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Economic importance of raw materials contained in “end-of-life products” including their energy potential

Motion for a resolution | Doc. 11896 | 05 May 2009

Mr Miloš MELČÁK, Czech Republic ; Mr Vidar BJØRNSTAD, Norway ; Lord Tim BOSWELL, United Kingdom, EDG ; Mr Márton BRAUN, Hungary, EPP/CD ; Ms Elvira CORTAJARENA ITURRIOZ, Spain ; Ms Anna ČURDOVÁ, Czech Republic ; Mr Andreas GROSS, Switzerland, SOC ; Mr Igor IVANOVSKI, ''The former Yugoslav Republic of Macedonia'', SOC ; Ms Danuta JAZŁOWIECKA, Poland ; Mr Tomáš JIRSA, Czech Republic, EDG ; Ms Birgen KELEŞ, Turkey, SOC ; Mr Albrecht KONEČNÝ, Austria, SOC ; Mr Anatoliy KOROBEYNIKOV, Russian Federation ; Mr Tiny KOX, Netherlands, UEL ; Ms Anna LILLIEHÖÖK, Sweden ; Mr Theo MAISSEN, Switzerland ; Sir Alan MEALE, United Kingdom, SOC ; Ms Nursuna MEMECAN, Turkey, ALDE ; Mr José MENDES BOTA, Portugal, EPP/CD ; Mr Pier Marino MULARONI, San Marino, ALDE ; Mr Gebhard NEGELE, Liechtenstein, EPP/CD ; Ms Mirosława NYKIEL, Poland, EPP/CD ; Mr Jakob PRESEČNIK, Slovenia, EPP/CD ; Mr Maximilian REIMANN, Switzerland ; Mr Andrea RIGONI, Italy, ALDE ; Mr Kimmo SASI, Finland, EPP/CD ; Mr Robert WALTER, United Kingdom, EDG ; Mr Paul WILLE, Belgium

Sustainable growth in modern society is increasingly dependent on the efficient use of raw materials, energy and human resources. However, one of the consequences of technological development is the ever faster replacement rate for most products in civilian and industrial use.

On the one hand, this rapid replacement rate places increasing demands on the exploitation of primary raw materials and on energy resources contained in natural deposits. In the current political and economic situation in Europe and the world, the extraction, processing and distribution of these resources represent a challenge not only from the immediate economic point of view but also in terms of energy and transport safety.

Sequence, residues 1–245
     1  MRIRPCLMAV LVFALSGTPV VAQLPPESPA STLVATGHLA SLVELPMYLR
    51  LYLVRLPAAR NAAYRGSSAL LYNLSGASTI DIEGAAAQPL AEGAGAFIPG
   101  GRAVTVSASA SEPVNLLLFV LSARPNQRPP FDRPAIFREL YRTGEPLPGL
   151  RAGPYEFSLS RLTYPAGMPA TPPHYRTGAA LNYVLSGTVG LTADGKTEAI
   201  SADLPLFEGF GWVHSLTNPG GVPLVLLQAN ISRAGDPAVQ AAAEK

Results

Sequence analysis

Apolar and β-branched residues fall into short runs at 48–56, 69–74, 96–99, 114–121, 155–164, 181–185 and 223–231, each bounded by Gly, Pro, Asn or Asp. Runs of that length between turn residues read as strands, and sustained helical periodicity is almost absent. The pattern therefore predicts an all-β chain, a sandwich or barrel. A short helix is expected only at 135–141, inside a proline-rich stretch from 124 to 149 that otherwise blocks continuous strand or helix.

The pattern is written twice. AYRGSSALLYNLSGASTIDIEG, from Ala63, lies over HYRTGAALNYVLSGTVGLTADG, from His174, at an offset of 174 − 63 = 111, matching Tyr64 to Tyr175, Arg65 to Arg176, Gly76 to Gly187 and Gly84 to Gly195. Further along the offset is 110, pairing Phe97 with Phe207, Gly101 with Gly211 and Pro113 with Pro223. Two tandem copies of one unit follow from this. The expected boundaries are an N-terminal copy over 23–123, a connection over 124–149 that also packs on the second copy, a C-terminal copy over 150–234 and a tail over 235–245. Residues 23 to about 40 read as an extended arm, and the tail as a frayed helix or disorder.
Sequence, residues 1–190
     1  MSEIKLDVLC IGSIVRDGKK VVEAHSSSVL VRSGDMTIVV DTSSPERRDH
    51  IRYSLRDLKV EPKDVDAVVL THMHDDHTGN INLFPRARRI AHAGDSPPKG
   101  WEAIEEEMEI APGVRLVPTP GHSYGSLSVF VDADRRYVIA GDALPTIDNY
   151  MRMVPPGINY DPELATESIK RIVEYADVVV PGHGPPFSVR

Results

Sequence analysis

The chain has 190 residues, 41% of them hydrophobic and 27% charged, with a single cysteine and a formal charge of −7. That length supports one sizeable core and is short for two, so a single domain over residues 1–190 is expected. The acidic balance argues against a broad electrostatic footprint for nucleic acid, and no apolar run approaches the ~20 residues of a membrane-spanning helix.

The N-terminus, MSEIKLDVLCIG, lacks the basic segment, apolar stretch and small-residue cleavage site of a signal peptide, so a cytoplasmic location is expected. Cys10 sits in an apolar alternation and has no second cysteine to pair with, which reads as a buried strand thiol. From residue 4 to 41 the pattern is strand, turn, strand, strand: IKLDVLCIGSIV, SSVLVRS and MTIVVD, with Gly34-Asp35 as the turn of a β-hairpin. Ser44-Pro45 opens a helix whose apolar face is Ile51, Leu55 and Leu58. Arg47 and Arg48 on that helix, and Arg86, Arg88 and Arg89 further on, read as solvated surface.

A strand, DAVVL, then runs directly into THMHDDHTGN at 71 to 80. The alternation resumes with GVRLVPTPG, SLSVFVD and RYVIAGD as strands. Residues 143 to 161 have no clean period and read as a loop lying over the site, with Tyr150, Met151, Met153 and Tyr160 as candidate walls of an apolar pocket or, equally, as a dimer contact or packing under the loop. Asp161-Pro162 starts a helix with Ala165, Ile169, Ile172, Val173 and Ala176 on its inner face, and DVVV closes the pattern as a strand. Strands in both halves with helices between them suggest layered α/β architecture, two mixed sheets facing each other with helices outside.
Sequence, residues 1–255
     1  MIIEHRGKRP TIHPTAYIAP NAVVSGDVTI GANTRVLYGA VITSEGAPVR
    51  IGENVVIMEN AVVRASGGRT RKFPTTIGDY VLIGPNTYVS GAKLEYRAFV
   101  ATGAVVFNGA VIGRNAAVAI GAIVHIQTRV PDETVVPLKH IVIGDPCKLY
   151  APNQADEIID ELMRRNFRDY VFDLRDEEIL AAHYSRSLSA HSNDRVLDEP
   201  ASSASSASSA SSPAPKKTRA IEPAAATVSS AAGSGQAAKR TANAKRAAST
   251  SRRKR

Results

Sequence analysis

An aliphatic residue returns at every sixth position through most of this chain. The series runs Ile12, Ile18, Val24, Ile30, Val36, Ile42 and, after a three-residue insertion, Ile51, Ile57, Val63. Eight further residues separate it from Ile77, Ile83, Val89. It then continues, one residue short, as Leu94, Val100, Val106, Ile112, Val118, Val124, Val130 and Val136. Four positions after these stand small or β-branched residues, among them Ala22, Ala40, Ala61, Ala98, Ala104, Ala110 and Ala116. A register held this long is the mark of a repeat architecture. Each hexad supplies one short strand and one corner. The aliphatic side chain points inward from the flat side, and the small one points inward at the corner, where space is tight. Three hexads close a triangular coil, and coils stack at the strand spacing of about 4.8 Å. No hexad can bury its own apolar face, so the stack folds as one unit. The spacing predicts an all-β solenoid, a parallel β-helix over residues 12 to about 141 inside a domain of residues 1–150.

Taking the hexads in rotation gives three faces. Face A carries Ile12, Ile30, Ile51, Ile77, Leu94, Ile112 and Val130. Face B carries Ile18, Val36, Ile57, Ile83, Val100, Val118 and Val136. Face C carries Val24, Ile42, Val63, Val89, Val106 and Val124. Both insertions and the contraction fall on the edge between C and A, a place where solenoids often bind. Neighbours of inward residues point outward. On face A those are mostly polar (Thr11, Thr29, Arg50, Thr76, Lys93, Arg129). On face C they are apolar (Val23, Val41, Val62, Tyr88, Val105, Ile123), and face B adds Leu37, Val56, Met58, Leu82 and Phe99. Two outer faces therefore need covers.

On the other hand, when products are technically or otherwise at the end of their lives and their further use is deemed undesirable, the use of inadequate processes causes loss of raw materials, energy and work originally embedded into the products. The global issues related to end-of-life vehicles, which are mainly governed in the EU via Directive 2000/53/EC, as well as electro-products, can be seen as typical examples.

Growing attention has in recent years been paid to recycling, in particular of the raw material potential of end-of-life products. However, support has so far been limited for contemporary recycling technologies which would foster a harmonious link between specific structural and technological solutions of new products and the future optimum reuse of their material at the end of their lives.

In spite of its various deficiencies, the recycling of material from end-of-life products in the form of secondary raw materials represents a branch of international trade annually amounting to millions of tons. It gives employment to hundreds of thousands of workers. Even as primary resources are being exhausted, a new strategic element is emerging which reduces the pressure to exploit such resources. This is well known for e.g. ferrous scrap metal, plastics and paper, recyclable construction materials, etc.

Given the rising demands for high environmental standard of the recycling process and for minimizing any hazard to the environment, a programme is called for which would pay greater attention to:

  • technological development of recycling technologies and equipment for a wide range of secondary raw materials;
  • adaptation of tax legislation to support recycling and the use of the recycled materials for new production;
  • training for a completely new profession, to focus on the optimum handling of a wide range of technological operations on various diversified recycling processes. It should include retraining for workers who have lost their previous employment.

The major economic importance of this programme of support for the recycling of secondary raw materials, accompanied by the training of qualified personnel, points to the challenge we face in solving the raw material, energy and employment crisis, especially in Europe. It deserves economic and legislative support and a coordinated approach by the Parliamentary Assembly and its national delegations, the member states of the Council of Europe and by the European Union.